When I was small, still playing on playgrounds and wearing pink overalls, my favorite playground apparatus was the seesaw. A friend and I would try any number of tricks to try to defeat balance and gravity, but no matter how long we could keep that solid board parallel to the ground below us, inevitably it would begin tipping one way or the other. Perfect balance was impossible.
For years the concept of balance has irked me. When I would stand on one of my certain soapboxes and someone older and wiser, or younger and more naive, than me would begin to laud the importantance of balance, I would check out. Balance is sissy to me.
I like the idea of zen, order, some sort of divine knowledge that the universe can be steadied by my efforts and meditations.
But the truth?
The truth is that nothing about the faith I've been adopted into is balanced.
What we're saying when we say we need to be balanced is that we need to not offend, or not be radical, or not be too much of any one thing, that everything must taste good, feel good, and not be irksome in order to keep balance in the world. What we're saying is we've got to keep that seesaw parallel to the ground beneath us, or we'll come crashing down with a pounding thud.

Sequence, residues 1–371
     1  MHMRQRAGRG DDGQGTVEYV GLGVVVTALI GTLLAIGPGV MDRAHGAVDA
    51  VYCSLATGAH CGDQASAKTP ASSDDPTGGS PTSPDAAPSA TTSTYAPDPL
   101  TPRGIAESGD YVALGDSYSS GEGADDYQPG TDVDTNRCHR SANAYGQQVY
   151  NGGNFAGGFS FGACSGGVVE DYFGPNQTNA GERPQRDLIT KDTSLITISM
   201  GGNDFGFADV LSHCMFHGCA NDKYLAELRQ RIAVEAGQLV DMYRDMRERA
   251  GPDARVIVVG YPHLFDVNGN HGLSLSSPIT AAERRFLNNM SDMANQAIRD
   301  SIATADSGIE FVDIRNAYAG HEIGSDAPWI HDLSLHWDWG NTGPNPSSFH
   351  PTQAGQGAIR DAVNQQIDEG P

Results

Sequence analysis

Like the hill at Golgotha, when a broken, bleeding man dropped his head and the sky went dark, the veil tore in two. A pounding thud.
Because balance was broken.
One man took the wrath for a limitless number of us.
So when we ask that question "where is the balance?" I'll tell you where it is:
It doesn't exist. Balance was broken. And what you're searching for is not a parallel board, hovering peacefully above the earth and all its brokenness, what you're searching for is Jesus.
Perfectly imbalanced Jesus.